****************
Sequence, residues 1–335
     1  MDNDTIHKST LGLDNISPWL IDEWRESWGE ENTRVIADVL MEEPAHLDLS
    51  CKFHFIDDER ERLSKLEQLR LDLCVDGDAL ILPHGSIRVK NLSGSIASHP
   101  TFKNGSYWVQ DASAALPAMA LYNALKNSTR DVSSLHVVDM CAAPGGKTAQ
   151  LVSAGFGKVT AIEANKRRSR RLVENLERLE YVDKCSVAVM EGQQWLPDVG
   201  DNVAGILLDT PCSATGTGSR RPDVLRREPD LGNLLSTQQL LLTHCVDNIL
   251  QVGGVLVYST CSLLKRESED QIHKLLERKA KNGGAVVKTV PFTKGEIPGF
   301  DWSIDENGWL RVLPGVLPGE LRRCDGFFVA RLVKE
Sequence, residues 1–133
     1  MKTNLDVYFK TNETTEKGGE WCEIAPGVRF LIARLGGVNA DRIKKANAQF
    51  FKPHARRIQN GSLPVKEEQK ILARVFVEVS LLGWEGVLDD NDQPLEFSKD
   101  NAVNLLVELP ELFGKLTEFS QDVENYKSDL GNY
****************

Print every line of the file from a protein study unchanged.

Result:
Sequence, residues 1–335
     1  MDNDTIHKST LGLDNISPWL IDEWRESWGE ENTRVIADVL MEEPAHLDLS
    51  CKFHFIDDER ERLSKLEQLR LDLCVDGDAL ILPHGSIRVK NLSGSIASHP
   101  TFKNGSYWVQ DASAALPAMA LYNALKNSTR DVSSLHVVDM CAAPGGKTAQ
   151  LVSAGFGKVT AIEANKRRSR RLVENLERLE YVDKCSVAVM EGQQWLPDVG
   201  DNVAGILLDT PCSATGTGSR RPDVLRREPD LGNLLSTQQL LLTHCVDNIL
   251  QVGGVLVYST CSLLKRESED QIHKLLERKA KNGGAVVKTV PFTKGEIPGF
   301  DWSIDENGWL RVLPGVLPGE LRRCDGFFVA RLVKE
Sequence, residues 1–133
     1  MKTNLDVYFK TNETTEKGGE WCEIAPGVRF LIARLGGVNA DRIKKANAQF
    51  FKPHARRIQN GSLPVKEEQK ILARVFVEVS LLGWEGVLDD NDQPLEFSKD
   101  NAVNLLVELP ELFGKLTEFS QDVENYKSDL GNY